Yes and no. Although such generalisations are usually something of a predicament, transcreation tends to be associated mainly with marketing content and texts representing an actual emotional experience for the customer. Thus, they should be perfected by all means possible, even if they relinquish the original marketing message or slogan in doing so.
You can, of course, transcreate all kinds of content, but considering the higher price tag and an outcome that is ultimately very different from the original, which can be problematic in some cases, the process is just not as suitable for your everyday run-of-the-mill files and documents.
When translating marketing content, on the other hand, you really can’t afford to spare any expense (pun intended) and transcreation is therefore almost always the right way to go. The increase in translation costs will more than likely be covered by the sheer amount of interest generated in your product just by opting for a different translation tactic. Sex sells, even when written and this balance of investment and end result is essentially the driving force behind the translation vs. transcreation discussion.
Okay, colour me interested. What comes next?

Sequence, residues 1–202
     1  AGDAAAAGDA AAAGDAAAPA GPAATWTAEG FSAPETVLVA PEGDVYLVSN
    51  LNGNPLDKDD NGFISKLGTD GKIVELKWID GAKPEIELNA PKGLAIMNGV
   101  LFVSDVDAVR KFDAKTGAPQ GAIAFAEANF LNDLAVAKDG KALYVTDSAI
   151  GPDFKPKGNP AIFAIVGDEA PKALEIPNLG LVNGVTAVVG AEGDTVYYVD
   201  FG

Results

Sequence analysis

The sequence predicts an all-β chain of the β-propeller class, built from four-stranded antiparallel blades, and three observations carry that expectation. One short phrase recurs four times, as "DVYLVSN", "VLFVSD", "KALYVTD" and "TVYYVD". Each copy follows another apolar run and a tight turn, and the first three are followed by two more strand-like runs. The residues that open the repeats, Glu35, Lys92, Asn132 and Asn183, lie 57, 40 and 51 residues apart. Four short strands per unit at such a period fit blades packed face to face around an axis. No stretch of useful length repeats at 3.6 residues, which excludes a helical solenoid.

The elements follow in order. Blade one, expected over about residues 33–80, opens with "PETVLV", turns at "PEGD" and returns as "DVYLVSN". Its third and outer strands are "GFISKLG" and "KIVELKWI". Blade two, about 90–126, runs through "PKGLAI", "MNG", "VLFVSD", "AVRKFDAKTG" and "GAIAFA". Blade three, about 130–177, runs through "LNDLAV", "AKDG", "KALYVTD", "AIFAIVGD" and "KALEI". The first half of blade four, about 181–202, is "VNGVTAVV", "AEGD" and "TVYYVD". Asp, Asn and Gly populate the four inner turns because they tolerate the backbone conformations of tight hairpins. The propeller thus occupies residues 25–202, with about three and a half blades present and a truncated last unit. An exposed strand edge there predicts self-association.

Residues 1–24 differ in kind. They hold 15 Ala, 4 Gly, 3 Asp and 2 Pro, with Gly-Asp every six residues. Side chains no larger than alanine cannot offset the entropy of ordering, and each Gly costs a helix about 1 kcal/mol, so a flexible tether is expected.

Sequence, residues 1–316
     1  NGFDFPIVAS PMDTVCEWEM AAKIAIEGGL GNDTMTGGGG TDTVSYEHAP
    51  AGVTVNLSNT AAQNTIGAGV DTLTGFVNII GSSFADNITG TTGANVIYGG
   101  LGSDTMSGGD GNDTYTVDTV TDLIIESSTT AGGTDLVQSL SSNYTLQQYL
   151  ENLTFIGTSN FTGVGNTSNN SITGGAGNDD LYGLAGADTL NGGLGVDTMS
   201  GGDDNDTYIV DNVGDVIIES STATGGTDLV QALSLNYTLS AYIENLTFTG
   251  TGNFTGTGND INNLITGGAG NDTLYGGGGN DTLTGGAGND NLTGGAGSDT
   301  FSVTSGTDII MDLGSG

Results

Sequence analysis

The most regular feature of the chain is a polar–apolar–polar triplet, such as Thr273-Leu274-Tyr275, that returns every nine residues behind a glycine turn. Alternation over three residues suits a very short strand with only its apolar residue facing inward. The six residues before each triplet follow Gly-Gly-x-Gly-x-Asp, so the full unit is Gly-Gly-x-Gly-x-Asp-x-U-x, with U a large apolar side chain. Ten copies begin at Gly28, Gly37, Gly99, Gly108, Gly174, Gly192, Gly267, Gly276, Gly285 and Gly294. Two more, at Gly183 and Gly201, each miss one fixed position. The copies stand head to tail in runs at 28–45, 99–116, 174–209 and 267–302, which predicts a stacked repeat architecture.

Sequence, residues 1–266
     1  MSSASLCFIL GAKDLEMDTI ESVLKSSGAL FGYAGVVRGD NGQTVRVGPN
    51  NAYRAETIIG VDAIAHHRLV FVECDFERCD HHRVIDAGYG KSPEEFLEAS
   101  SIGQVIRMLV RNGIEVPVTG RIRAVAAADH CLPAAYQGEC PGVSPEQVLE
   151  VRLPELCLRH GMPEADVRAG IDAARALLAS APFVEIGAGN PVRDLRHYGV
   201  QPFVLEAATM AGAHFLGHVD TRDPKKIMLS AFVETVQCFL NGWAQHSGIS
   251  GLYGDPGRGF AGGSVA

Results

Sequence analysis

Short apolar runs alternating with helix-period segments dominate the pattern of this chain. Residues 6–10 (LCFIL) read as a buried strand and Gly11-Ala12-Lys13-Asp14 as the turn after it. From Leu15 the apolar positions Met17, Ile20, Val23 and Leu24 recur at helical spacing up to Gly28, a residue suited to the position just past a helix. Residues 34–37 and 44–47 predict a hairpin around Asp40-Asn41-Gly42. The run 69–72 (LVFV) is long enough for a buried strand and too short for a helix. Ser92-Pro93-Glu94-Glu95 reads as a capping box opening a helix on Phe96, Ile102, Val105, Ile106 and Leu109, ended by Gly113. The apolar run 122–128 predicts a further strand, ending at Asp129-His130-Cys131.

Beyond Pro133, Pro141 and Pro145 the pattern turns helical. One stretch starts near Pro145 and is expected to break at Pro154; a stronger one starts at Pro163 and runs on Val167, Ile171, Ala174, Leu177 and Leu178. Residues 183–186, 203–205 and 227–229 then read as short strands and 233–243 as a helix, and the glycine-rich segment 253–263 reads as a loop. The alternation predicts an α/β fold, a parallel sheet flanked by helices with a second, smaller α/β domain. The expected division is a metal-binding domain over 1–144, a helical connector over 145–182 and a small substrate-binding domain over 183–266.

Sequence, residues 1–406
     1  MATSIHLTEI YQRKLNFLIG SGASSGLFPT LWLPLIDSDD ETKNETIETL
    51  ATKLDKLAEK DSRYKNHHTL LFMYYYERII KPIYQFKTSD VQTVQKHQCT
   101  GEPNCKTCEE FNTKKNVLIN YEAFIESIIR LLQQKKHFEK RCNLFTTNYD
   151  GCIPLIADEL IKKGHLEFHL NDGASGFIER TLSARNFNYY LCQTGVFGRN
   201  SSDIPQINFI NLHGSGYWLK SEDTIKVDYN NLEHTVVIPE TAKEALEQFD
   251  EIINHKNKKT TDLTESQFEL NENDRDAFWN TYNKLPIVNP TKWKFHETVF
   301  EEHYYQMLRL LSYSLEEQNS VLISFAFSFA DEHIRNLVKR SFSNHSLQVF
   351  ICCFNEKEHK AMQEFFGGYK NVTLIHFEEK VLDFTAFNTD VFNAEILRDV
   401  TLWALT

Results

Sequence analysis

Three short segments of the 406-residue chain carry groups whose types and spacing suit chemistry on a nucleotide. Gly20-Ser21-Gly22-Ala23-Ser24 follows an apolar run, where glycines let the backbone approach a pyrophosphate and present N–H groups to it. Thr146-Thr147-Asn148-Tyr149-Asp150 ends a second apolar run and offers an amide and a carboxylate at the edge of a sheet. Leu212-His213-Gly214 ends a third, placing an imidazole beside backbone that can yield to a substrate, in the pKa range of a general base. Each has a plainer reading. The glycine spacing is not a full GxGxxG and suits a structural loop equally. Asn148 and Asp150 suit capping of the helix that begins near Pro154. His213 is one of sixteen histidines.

There are several ways of going about this. You could hire a copywriter who is a native speaker of the respective target language, but that can be very costly and tricky to manage, especially if you’re dealing with several markets and languages at the same time. It is then up to your marketing department to handle the ins and outs of every individual language pair. This is not to say that the transcreation won’t be up to par, it can certainly be a viable option, especially if you’re only planning to gain a foothold or solidify your position in a small number of markets. However, if you’re planning on going all out, there is an even better alternative out there.
Most self-respecting language service providers already offer this service in some shape or form. You will often find terms such as “marketing translation” or “transcreation” on their lists of linguistic services, with a higher price affixed to them, at least compared to ordinary translations. These LSPs normally employ a small army of copywriters or even translators who are very well-versed in the style and tone of their native languages.
However, the main benefit of working with an LSP lies in the fact that they are used to handling a large number of projects simultaneously and that they work with a wide array of linguists with different specialist backgrounds so you can rest assured that your project is in good hands.
Okay, so this is what this whole translation vs transcreation fuss is all about. Sounds useful!
It is indeed! Investing in transcreation is truly a wonderful method of boosting your presence as a player on the international market. The more flavour your marketing texts and slogans have, the better they will resonate with your target audience. Simply find an LSP that fits your needs, and you’ll be breaking new business frontiers in no time!
Liked this content?
Get notified when we publish something similar.
* We don’t spam your email or share it with anyone!
If you liked this article, you might be interested in...
your content to your target market? We’re here to help you with exactly that!